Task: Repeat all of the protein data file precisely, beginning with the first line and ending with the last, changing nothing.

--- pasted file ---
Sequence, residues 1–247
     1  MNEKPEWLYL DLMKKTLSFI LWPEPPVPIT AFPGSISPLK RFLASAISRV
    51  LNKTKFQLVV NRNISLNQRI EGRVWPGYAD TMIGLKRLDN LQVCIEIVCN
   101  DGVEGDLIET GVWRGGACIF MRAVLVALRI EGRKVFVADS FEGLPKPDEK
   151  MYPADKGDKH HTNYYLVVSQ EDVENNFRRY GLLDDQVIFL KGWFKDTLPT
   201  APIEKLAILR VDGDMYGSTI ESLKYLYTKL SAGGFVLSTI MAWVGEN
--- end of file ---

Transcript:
Sequence, residues 1–247
     1  MNEKPEWLYL DLMKKTLSFI LWPEPPVPIT AFPGSISPLK RFLASAISRV
    51  LNKTKFQLVV NRNISLNQRI EGRVWPGYAD TMIGLKRLDN LQVCIEIVCN
   101  DGVEGDLIET GVWRGGACIF MRAVLVALRI EGRKVFVADS FEGLPKPDEK
   151  MYPADKGDKH HTNYYLVVSQ EDVENNFRRY GLLDDQVIFL KGWFKDTLPT
   201  APIEKLAILR VDGDMYGSTI ESLKYLYTKL SAGGFVLSTI MAWVGEN